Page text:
Sihanoukville & Siem Reap

Seems like ages ago we were in Cambodia. Nowadays, we’re back home and we’re full time in the rat race again.  So here we go, our last blog about Cambodia.

Sihanoukville

After a few days on our little paradise island Koh Rong Sanloem, it was time to move to Sihanoukville. Same ritual for the way back: very small boat, wait a little, speedboat ferry and wait again for the ancient old-timer bus, and last but not least a Khmer tuk tuk to get to our hotel in Otres, near Sihanoukville. During the entire drive to our hotel there we were pretty happy with our decision to stay longer on the island and only to go for Sihanoukville for one night. Construction works were ongoing everywhere and the roads were heavily damaged by big lorries and rubbish was basically everywhere, horrible. The muddy roads were in such a bad condition, that our Khmer tuk tuk driver just could not reach our small hotel. No problems, only solutions, so our driver carried our heavy luggage on his shoulder, and we walked with our slippers through the red brownish mud for the last couple of hundred meters. We really should have made pictures of our feet, because the mud spatters came up to our knees. But once we arrived, our super friendly Italian hosts warmly welcomed us. As we were flying the next day, we only had time for a cool down swim and an amazing Italian dinner accompanied by a nice bottle of red wine. Once in a while you have to do something crazy 🙂

Siem Reap

Our tuk-tuk drive of the day before still fresh in our minds, next morning we ordered a 4×4 to get us to the airport. But even for the 4×4 driver it wasn’t easy to get us out of our mud hole. The flight went nice and easy, only 1,5 hour or so. Our hotel in Siem Reap offered us a free tuk-tuk transfer to their hotel and before we knew it we were settled again, ready for Siem Reap and the temples of Angkor.

Siem Reap is nothing like Phnom Pehn; it is really only a small city with obviously a lot of tourists. Our hotel was just a 5 minutes walk from the restaurant and pub street so perfect for lunch or dinner. Our room although not expensive at all, was massively spacious and it had even a small balcony. The hotel had a small outdoors swimming pool as well, which was very welcome because it was hot, very hot.

Siem Reap is by far the most developed of all cities we visited in Cambodia, which makes it maybe less authentic but it’s relaxed and easy which is also nice from time to time.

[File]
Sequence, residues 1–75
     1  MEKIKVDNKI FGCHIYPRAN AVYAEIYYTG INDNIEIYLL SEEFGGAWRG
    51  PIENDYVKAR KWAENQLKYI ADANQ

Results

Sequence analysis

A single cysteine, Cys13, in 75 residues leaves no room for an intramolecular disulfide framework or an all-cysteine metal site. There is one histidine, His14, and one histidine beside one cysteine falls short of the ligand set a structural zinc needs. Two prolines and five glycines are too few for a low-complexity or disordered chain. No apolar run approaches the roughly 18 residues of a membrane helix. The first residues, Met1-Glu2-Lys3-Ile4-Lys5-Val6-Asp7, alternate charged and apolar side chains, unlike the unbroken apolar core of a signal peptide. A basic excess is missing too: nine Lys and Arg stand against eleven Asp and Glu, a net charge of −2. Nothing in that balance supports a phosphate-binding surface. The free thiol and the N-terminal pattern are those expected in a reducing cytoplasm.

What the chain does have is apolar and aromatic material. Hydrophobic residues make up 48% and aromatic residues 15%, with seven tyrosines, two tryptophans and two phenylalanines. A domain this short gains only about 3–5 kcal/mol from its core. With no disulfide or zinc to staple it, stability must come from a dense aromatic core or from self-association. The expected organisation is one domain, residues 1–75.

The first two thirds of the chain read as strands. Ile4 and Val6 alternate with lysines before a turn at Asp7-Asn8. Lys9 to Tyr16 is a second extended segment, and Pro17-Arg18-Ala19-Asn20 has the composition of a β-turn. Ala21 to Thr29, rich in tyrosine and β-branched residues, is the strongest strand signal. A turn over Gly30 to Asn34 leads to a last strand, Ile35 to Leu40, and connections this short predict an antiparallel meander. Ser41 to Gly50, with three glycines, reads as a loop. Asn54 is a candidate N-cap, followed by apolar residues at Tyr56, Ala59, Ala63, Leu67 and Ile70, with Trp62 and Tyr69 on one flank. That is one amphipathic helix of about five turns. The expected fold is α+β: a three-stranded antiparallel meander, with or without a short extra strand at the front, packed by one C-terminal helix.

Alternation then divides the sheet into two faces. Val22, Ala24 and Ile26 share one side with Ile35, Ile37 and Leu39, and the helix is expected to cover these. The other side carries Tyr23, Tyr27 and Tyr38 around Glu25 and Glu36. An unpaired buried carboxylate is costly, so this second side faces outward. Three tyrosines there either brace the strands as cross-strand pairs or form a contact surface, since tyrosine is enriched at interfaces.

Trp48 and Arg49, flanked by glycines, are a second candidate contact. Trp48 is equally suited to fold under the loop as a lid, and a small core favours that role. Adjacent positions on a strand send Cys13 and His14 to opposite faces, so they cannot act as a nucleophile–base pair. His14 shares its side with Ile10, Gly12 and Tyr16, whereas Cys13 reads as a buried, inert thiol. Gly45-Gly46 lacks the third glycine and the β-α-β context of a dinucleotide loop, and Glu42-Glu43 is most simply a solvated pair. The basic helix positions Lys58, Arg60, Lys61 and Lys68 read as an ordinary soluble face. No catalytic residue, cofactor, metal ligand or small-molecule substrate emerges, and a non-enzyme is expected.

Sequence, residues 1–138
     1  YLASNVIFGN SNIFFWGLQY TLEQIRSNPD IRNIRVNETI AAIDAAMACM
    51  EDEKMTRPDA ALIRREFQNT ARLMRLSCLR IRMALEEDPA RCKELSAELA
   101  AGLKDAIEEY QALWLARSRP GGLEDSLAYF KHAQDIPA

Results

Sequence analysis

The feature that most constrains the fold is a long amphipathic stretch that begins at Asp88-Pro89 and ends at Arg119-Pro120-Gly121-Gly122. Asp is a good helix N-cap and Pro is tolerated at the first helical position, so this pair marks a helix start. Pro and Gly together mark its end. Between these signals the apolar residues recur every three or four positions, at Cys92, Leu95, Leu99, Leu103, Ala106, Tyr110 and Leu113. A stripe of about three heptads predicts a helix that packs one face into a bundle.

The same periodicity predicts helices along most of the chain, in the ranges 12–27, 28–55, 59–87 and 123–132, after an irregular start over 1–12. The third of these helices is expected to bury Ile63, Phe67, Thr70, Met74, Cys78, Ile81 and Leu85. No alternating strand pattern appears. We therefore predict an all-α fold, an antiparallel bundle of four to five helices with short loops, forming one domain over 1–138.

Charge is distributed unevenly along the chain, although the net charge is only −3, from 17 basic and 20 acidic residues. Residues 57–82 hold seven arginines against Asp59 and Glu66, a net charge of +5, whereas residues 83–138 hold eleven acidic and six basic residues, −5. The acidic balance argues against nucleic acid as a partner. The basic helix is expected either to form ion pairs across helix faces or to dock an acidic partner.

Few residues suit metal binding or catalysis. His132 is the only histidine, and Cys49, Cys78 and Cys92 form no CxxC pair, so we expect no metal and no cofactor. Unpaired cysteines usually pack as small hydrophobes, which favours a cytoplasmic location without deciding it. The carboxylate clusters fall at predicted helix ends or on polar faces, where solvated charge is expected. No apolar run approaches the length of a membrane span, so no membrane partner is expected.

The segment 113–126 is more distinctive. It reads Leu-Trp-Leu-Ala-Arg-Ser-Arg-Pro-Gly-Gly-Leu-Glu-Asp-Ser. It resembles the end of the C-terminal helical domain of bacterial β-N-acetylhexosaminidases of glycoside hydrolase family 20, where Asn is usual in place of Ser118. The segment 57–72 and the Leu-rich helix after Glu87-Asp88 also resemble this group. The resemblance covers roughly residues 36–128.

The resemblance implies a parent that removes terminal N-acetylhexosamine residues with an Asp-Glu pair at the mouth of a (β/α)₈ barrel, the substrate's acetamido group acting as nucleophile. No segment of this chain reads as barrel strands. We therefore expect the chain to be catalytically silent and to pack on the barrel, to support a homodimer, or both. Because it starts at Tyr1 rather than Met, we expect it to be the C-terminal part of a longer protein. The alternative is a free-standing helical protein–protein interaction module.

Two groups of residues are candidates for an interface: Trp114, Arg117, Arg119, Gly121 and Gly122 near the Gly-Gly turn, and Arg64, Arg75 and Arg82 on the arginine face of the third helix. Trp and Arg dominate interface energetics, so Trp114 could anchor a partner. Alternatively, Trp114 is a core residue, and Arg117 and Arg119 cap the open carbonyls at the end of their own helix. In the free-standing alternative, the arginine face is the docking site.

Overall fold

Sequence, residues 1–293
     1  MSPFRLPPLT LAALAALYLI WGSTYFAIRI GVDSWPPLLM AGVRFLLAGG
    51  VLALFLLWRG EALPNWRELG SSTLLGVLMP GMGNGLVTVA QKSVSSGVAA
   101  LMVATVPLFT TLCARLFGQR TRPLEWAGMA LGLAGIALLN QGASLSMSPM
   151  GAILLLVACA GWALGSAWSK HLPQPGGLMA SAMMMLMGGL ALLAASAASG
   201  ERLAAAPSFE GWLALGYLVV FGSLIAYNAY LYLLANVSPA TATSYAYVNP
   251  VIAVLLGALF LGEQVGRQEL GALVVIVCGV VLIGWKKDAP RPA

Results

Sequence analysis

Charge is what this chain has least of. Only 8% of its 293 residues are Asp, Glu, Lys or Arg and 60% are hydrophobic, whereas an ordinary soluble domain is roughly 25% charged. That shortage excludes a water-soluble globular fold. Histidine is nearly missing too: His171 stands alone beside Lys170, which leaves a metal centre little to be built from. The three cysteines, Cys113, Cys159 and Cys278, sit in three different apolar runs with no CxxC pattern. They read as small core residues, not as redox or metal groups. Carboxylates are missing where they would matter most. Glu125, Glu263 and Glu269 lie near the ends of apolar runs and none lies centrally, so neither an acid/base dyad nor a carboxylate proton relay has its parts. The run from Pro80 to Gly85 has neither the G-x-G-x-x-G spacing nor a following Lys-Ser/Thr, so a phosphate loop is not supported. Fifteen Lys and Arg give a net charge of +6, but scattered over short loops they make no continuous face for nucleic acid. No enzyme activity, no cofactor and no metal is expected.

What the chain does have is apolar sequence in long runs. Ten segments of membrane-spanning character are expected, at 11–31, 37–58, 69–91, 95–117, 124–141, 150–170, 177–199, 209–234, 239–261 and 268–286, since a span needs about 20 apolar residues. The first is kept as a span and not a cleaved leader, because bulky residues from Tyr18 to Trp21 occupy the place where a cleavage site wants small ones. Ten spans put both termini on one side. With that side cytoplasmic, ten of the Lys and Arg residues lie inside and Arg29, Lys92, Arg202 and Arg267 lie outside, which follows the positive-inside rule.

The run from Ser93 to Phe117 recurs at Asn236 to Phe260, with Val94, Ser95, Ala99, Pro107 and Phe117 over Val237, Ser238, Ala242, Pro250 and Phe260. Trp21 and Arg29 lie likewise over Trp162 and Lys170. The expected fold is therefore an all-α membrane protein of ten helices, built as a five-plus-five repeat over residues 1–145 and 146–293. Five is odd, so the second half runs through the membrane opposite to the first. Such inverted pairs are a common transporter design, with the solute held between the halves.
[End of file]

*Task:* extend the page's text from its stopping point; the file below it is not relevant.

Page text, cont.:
After reading and discussing a lot about the Angkor temples we decided to just go for a one-day tour. We booked the same tuk-tuk driver that took us from the airport to drive us around through the temples.  We left very early in the morning like 4am, to see the sunrise at the main Angkor Wat complex.   We clearly were not the only ones with that  ‘brilliant’ idea. It was busy, crowded actually, and not so easy to get some good shots of the complex without too many photo bombers. Angkor What is one of those spots visible from the space station, and we can understand why now, it’s simply out of this world, it’s so big. We visited the 5 or 6 main temples and left the site at 4pm. Luckily our driver was carrying cold bottles of water in the tuk-tuk at all times, we really needed it. When you want to go there, take a lot of water and an umbrella, for the rain or for the sunJ

The temples of Angkor were high on our bucket list, we were happy we’re able to experience it and be part of it, although it was only for a day. Together with the pyramids in Cairo it’s one of the world greatest wonders.

Six weeks had passed since we left Egypt; we had a great journey trough Vietnam and Cambodia but is was time to get our diving stuff in Bangkok and go diving in Sulawesi and Bali, time for new adventures.

Recommendations

  • Angkor Wat: Doesn’t need too much explanation I guess. Just prepare yourselves. Take water or cold drinks, an umbrella and find yourself a nice and friendly tuk-tuk driver that speaks a little bit of English and go for it. Entrance fees are not cheap ($37 pp for one day), so try to see as much temples as you can in one day.
  • The Red Piano: Belgian beers and Belgian dishes like beefstew or vol au vent. We had the most amazing mashed potatos with vol au vent and a fresh Belgian beer.
  • Bopha Residence: Nice boutique hotel with only 14 rooms, quite and yet within walking distance from the city center where you can find plenty of restaurants and pubs.  The rooms are quite big and the hotel has a small swimming pool, which is perfect for refreshment on hot and humid days.

 

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